Here’s a list of ten resources for middle school ELA and high school English that will help you teach digitally and remotely. I've been creating digital, Google-based lessons since 2015, but here is a look at ten of my favorite. To check out all of the resources, search SMARTePlans on my TPT store. Sentence Combining Bell Ringers These sentence-combining bell ringers are the perfect way to help students improve their writing skills. This unit includes an introductory lesson that shows students a step-by-step process for how to combine sentences. It also contains several example slides and plenty of daily warm-up slides for students to complete Growth Mindset Digital Escape Room One of the most important things we can be doing right now is helping our students with their social and emotional learning right now. This Growth Mindset Escape Room is the perfect way to introduce students to growth mindset and provide them with a fun, engaging, and challenging task to complete. ...
At first, the shutdowns started slowly. School districts here and there across the nation closed for just a couple of weeks. And then things got serious -real fast. The week before my district closed was unlike any other week. In essence, my students were a bit more on edge, daily attendance slowly started dwindling, and I kept the news open on one of my computer tabs constantly refreshing it and checking it during each passing period. Schools around us started closing. The numbers in LA County increased. Entire school districts. Disneyland closed. In all honesty, it felt like the beginning of an apocalypse movie. As an avid fan of The Walking Dead, I kept thinking that this is what it must have felt like in that fictitious world as the infection started to spread. However, this isn’t fiction. It’s reality, and it is a reality for which we weren’t entirely prepared. We did not become teachers so that we could teach remotely in quarantine. And yet, here were are. However, this a...
With so many schools shut down because of the COVID-19 pandemic, educators around the world are scrambling to turn their warm, cheerful classrooms into effective digital classrooms as they attempt to master remote teaching. One thing’s for sure: It isn’t easy. That is why I recommend sticking with platforms you or your students already know. In addition to creating interactive Google-based assignments for my students, I will also be relying on educational websites. For teachers who taught in 1:1 classrooms, used Google Classroom regularly, and tried out new tech often, the switch isn’t as cumbersome. For teachers who haven’t implemented tech or who teach in areas where students don’t have access, it is an entirely different story. I cannot emphasize the importance of being flexible, compassionate, and understanding at this time.  Here’s a list of educational websites I use in my classroom that will help with teaching remotely. Please note, this is not a sponsored post, and these ...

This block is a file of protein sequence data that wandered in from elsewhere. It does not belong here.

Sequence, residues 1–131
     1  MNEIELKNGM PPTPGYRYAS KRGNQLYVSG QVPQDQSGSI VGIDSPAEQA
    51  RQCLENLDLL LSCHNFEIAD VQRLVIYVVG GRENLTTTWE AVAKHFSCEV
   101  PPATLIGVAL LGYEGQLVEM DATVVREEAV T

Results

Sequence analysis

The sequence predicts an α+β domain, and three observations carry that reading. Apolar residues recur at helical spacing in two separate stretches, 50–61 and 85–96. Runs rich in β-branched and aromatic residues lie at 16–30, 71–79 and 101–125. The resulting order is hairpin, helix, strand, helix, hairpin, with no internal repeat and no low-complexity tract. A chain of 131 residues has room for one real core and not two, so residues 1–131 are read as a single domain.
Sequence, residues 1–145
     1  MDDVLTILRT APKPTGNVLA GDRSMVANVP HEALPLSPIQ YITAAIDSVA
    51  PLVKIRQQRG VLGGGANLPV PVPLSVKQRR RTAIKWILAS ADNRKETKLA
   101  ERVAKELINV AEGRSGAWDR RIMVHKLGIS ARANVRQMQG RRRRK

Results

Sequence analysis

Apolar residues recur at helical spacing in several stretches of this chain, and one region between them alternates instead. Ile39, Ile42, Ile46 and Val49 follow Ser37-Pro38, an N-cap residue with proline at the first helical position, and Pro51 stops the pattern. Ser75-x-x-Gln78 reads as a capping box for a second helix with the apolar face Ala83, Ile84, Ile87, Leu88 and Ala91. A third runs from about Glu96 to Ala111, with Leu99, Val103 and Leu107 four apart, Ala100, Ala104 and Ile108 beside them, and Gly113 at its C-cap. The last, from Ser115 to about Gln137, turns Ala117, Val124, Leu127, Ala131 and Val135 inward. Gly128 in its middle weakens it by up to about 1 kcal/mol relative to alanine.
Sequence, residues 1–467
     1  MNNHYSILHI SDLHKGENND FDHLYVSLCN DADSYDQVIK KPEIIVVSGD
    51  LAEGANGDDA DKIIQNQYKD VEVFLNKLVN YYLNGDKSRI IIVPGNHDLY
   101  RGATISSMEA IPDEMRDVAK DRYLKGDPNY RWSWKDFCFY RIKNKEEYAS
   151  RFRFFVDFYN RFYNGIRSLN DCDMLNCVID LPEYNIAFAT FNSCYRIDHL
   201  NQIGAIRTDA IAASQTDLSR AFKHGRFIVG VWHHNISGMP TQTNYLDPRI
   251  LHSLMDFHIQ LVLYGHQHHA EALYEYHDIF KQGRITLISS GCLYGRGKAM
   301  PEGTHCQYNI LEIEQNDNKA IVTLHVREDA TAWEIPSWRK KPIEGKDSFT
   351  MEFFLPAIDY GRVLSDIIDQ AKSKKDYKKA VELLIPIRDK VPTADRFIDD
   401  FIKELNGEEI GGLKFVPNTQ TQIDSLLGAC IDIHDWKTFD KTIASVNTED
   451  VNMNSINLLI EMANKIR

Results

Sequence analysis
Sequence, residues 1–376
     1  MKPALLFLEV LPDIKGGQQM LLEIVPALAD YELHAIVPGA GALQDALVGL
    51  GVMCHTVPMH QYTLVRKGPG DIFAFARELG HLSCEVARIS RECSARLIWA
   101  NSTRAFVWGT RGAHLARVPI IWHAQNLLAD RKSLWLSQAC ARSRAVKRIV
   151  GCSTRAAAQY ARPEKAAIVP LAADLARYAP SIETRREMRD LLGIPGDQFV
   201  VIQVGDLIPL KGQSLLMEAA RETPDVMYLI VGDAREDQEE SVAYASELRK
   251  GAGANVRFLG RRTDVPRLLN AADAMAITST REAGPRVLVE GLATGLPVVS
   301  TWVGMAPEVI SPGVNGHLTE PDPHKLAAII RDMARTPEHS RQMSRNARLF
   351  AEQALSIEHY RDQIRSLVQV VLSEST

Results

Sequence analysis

With so many schools closed, teachers around the world are scrambling to find ways to hold classes and engage their students in remote learning. For some teachers, the ones who have been using technology consistently in the classroom and who have students with access to the Internet and devices, this isn’t a big challenge. However, for many teachers, those new to educational technology and those who teach students who do not have equitable access, the new challenge facing them seems unsurmountable. I am very fortunate to be in a 1:1 classroom. I have a set of 40 Chromebooks dedicated to my classroom, and (for the most part) I have a reliable Internet connection in my room. Since I have access to tech in my classroom, I frequently use Chromebooks, Google Classroom, and a wide variety of tech sites with my students. Also, the majority of my students have access to wifi and at least a smartphone at home. However, I am not naive enough to believe that everyone is in that situation. Wit...
This is the second post in a series of blog posts about using Google Forms in your classroom. Visit HERE to see the first post. Ever since I started using Google Forms in the classroom, I keep thinking about more ways to incorporate the forms and the data into my instruction. Using the data validation tool embedded in Google Forms, I’ve discovered how to force students to submit the type of work I expect. This tool allows me to digitally demand excellence from my students. One of the most common phrases I hear in my classes is, “Do we have to answer in complete sentences?” You would think that students know the answer for this question, especially in their English class, is yes, but that isn’t always the case. When students work in a Google Form I’ve created, I am able to set data validation to make sure that my students are not only answering in complete sentences, but that they are also restating the questions in their answers. By setting the data validation, I am making sure ...